Stupid research

Sometimes people do stupid research. I don’t know how this came about but it might have been they realized the question they really wanted answered was too difficult and they settled for something that was easier and was similar. Or it could have been any number of other things including just total crap for brains. I used to be research scientist for the government and I understand how these things happen. But still, I’m annoyed with this:

When two researchers at Chapman University in California began to study whether tall heterosexual men have had more sex partners than other heterosexual men, they assumed the answer would be “yes.” There was already extensive academic literature showing that height signals dominance, physical (and hence heritable) fitness, and social status to women who are seeking sex partners.

What I suspect they really wanted to measure was whether tall men had a larger selection of sexually interested women. Or that the women interested in them were of higher “quality”. But measuring those items would be much more difficult than asking people how many sex partners they have had. In essence, I suspect, they ended up using quantity as a proxy for quality.

As a result they ended up with rather uninteresting results:

To their surprise, that’s not what they found. Tall men don’t have a history of more sex partners than men of average height or most short men, according to their study in the latest online issue of Evolutionary Psychology. After dividing respondents into different height groups, the researchers found that every group of men taller than 5 feet 4 inches had the same median number of sex partners: seven. Only men classified as “very short,” or between 5 feet 2 inches and 5 feet 4 inches, had a significantly different sexual history. They reported a median of five sex partners.

Because they are using quantity instead of quantity there are numerous other factors that enter into the result. They hint at this some:

There’s another important thing to keep in mind when interpreting this data: The number of sex partners people have had might not be the best indicator of how desirable they are. It’s possible that someone might be highly sexually desirable but choose a monogamous or celibate lifestyle for an extended period of time. Also, “sex” was not defined in the survey, so participants might have differed in their interpretation of “sex partner” when providing their responses.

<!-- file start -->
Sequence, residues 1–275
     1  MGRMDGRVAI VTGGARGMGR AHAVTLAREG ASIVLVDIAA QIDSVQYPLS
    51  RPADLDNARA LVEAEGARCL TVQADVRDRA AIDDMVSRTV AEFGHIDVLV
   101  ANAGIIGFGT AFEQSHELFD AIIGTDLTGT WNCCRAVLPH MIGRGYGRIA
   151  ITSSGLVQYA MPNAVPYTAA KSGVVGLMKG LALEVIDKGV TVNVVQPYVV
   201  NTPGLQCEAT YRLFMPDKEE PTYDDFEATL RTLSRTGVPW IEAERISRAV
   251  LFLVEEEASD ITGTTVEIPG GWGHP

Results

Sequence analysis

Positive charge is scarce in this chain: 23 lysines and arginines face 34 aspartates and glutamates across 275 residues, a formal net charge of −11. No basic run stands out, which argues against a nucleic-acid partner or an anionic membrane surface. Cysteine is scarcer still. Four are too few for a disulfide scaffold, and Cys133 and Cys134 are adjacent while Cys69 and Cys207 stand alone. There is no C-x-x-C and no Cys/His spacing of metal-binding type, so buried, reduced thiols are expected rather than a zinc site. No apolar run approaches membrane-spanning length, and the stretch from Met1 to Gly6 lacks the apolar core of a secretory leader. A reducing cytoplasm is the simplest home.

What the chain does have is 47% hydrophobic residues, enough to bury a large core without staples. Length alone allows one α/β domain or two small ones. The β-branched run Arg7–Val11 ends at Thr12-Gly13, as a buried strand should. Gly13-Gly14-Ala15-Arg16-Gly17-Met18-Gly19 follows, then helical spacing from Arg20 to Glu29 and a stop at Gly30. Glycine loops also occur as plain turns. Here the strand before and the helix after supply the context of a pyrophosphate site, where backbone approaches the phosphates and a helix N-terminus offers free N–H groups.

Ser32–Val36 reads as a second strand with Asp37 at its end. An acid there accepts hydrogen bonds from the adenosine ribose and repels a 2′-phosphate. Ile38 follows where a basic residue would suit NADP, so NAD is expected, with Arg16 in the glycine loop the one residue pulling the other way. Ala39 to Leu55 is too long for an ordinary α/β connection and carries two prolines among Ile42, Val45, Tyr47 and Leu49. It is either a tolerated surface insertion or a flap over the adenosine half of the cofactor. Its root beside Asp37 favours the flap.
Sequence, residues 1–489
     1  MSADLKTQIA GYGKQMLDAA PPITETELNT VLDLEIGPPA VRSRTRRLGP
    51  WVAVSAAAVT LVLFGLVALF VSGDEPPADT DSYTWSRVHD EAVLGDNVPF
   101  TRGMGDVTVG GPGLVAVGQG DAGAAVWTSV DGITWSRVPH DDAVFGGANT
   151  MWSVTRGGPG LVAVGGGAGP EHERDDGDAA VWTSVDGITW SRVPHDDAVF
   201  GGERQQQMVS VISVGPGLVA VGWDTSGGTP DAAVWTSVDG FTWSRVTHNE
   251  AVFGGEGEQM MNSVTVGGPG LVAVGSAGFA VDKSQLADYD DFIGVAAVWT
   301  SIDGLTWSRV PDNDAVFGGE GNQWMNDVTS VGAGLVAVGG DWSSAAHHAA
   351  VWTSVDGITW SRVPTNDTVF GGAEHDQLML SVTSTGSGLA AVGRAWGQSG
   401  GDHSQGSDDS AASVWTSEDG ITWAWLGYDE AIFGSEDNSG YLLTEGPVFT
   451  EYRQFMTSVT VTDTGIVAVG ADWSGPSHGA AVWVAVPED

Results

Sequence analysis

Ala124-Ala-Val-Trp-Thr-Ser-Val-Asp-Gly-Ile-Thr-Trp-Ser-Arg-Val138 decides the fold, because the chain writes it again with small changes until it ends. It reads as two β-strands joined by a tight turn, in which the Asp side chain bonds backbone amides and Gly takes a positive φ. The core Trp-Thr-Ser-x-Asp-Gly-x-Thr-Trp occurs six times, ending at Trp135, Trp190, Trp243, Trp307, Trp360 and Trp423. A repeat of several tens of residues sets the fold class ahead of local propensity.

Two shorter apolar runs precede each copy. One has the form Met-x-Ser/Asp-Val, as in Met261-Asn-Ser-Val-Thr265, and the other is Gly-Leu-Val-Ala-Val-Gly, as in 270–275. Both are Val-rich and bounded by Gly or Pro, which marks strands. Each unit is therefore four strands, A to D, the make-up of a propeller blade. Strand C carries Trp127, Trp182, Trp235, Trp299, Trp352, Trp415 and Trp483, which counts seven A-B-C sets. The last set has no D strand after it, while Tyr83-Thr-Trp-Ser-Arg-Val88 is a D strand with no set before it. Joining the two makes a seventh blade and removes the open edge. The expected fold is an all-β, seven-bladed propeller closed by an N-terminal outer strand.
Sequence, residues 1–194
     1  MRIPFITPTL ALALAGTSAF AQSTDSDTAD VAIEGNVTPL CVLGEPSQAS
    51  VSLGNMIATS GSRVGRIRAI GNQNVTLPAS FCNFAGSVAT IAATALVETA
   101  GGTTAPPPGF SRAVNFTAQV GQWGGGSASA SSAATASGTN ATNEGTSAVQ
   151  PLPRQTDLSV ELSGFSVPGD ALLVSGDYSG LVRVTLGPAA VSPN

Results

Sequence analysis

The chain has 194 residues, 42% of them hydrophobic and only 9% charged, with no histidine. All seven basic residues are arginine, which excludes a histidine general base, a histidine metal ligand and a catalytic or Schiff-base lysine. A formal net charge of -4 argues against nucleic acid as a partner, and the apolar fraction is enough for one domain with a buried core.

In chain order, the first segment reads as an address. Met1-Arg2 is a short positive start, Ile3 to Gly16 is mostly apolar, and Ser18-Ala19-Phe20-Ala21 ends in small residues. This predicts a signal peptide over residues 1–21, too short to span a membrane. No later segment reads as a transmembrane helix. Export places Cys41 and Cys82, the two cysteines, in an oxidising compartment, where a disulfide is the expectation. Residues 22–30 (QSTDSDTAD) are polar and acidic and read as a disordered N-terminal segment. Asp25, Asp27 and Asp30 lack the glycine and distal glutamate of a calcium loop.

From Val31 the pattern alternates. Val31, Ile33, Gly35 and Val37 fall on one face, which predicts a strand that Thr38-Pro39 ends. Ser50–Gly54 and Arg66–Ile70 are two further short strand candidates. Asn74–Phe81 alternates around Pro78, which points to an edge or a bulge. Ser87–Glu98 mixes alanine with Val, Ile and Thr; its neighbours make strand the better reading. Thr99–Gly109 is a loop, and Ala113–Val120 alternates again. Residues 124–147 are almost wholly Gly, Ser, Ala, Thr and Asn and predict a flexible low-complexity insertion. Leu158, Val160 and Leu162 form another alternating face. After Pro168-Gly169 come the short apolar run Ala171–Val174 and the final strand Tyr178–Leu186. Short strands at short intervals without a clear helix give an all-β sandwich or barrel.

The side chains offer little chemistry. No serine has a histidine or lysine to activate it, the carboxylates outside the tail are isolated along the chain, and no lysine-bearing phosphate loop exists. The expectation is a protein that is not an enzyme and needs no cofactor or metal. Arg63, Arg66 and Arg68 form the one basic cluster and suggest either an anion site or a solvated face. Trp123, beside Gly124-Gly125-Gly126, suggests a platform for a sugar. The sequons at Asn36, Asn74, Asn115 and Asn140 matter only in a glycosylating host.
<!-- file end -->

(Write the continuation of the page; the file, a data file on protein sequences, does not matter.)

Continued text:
And there are other things as well.

What about men who find their mate “settle down” quickly? If tall guys have a better selection of quality women to choose from then might not they have fewer sex partners in their lifetime? Or at least the higher quality available early in life counteracts the increased availability of potential sex partners to the point the substitution of quantity for quality renders the results meaningless?

And what about men who pay for play? If short men have trouble finding willing sex partners might they not pay for someone that was more interested in the money than in the height of their customer? That could counteract the expected results as well.

If they really wanted to explore the height issue I would suggest they do some sort of “speed dating” testing. Or a test where two or more groups of women were given the same “online” profiles of men but the groups were told different heights for the men. Then see how many women were interested the men of the various heights.

I do know this, several women have agreed with Barb that it is important their man is as tall or taller than them. Barb is 6’ 1” and that severely curtailed her selection of men. This explains how I, being 6’ 3”, lucked out and she settled for me.

Quote of the day—enlightenment

I really wish someone would start seriously wondering why having private, for-profit companies running – and ruining – the lives of millions is a good thing.

At the very least, there should be serious limits put on their role in society, because at this point, they own us all.

October 1, 2015
Comment to Experian says 15M have info stolen in hack of T-Mobile data
[“enlightenment” thinks serious thought should be given to eliminating private, for profit, companies? I presume that the functions performed by private companies for everything from the food supply and health care to banking, communication, manufacturing, and transportation should all by done by the all powerful, benevolent government, right?